Saturday, October 3, 2015

Too many analysts are trying to acquire skills the wrong way.

If you want to be a successful analyst, don’t get all excited about tools and techniques. Instead, learn where particular tools and techniques are applicable, and then make sure they are applied correctly. This is the essence of effective analysis. Here’s why:
One day I was having an interesting chat with a colleague who had been invited to participate in a meeting to try to develop some training on how to conduct a “brainstorming session”. Lots of people who said they were interested were invited to go along, discuss and learn. With genuine and sound intent, this group was trying to develop training for others on how to conduct the “brainstorming session”.
I asked several of those involved why they were interested. The stock reply was something like “well, another analyst has used brainstorming sessions so I should learn how to conduct one too”. There was almost a subtle feeling of fear of being left behind, and not being such a good analyst, if an opportunity to be involved was missed.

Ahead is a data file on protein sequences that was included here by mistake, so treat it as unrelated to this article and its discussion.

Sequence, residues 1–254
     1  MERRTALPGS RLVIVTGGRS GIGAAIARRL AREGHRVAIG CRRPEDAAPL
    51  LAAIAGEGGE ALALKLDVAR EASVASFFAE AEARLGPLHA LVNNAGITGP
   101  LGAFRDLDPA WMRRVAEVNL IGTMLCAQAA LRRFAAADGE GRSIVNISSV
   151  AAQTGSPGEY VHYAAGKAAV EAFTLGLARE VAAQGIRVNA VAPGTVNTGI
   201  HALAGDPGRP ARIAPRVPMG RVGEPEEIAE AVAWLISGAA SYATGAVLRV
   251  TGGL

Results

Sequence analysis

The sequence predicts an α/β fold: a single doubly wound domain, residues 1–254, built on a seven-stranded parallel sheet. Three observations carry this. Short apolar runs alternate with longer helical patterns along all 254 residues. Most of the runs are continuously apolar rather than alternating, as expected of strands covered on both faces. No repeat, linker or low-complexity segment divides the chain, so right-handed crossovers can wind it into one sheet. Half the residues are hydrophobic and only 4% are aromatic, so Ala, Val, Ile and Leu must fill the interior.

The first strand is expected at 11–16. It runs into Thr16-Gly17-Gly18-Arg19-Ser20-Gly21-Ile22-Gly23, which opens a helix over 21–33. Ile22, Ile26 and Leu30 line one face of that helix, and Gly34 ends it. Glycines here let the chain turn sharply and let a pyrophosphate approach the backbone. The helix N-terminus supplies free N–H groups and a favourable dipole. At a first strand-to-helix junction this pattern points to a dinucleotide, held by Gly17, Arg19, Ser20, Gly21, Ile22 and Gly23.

BUT: focusing on conducting a brainstorming session, at least to me, is like a blacksmith focusing on how to use a hammer (rather than thinking through horseshoe manufacturing, and deciding if and when a hammer is needed). In my opinion, unless the blacksmith learns when a hammer is needed in horseshoe manufacturing (or unless there is someone to coach and advise on when to use a hammer) then you aren’t going to make any horseshoes just by learning how to use a hammer. Remember the old adage: a fool with a tool is still a fool.
As analysts we need to learn when to use our tools more than we need to learn how to use them (granted this is possibly more true for senior than junior analysts). But if analysts know when tools should be used, they can always find someone with the experience to use that tool at the correct time. So rather than learning how to run a brainstorming session, my preference is for analysts to first learn the various methods for eliciting requirements, their relative merits, and when they should be used.
I don’t mention this to be harsh to those involved in a worthwhile initiative; rather to help you plan your approach to planning training. Remember, the Need Powered Change way of training is top down, big picture, “understand-why-first”. We encourage analysts to follow this path, before getting in to the details.